Laurel River – Our rivers have been staying on the higher side due to the frequency of rain. They have been clearing fairly quickly, but flows have kept things interesting. Stonefly nymphs along with worms and eggs have been doing the most damage, but don’t forget about the small golden stones (Yellow Sally’s) and the suphurs – make sure to have some yellow in your box!!
Davidson River – April rains are keeping streams at a nice fishing level. Light Caddis and March Browns are drawing attention to the surface. Down below, smaller Batis and standard mayfly nymph patterns in size 16- 22 along with tiny light stonefly nymphs as a dropper were great producers. Water temps are keeping the fish active. Water and cool temps – great combination.
DH Waters – Great water levels from rain last week! Nymph fishing was very good if presented deep and without drag. Smaller nymphs were the order and changing them up frequently was key. Water temp in mid 50’s air temp at 73. Beautiful spring day. Sparse hatches with nothing significant. Good numbers of fish landed with a few whoppers.
Wild Waters – Much needed rain events mid week left us with elevated stream levels and swift flows even 3 days later. Day time air temps got to 78F and stream temps to 58F. Good numbers for Quill Gordon, March Brown and Giant Stones. Quills were a good producer, though Hare’s Ear droppers took the majority of fish caught.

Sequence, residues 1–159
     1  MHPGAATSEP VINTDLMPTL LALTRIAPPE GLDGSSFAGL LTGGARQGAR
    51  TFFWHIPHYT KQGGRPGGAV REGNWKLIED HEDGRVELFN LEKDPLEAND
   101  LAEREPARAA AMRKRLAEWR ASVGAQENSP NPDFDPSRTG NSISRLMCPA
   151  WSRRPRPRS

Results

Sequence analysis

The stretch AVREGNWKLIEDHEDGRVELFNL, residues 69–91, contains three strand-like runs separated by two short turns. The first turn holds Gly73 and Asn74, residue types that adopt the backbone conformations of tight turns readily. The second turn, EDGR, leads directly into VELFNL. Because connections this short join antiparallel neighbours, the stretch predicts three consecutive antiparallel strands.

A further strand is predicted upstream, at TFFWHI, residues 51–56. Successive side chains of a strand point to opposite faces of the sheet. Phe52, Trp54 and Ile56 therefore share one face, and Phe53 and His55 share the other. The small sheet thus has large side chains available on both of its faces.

Davidson River – The river was at a good level today, running about 90 cfs and clear. Trout were holding in the deeper pockets of the river. They were both in the current and on the sides of it. The water temp was in the low 60’s. We hooked trout on small midges and emergers.
Davidson River – The water was low and clear. The temp of the river was around 63 degrees. It was cloudy out. We used small midges and worms to tempt the trout. Keep in mind that a roll cast is helpful in keeping your fishing rig from getting tangled. A great buggy day on the water.
Davidson River – Water levels at this time are starting to drop but are still well above the season’s typical flow. Fish were feeding heavy in spurts on the usual suspects. Midges in gray and cream seemed to be better than others. Brooks sprouts, and miracle midges were good choices. Light florocarbon tippet is still a must. Have a couple small beetles and ants to try to bring fish to the surface.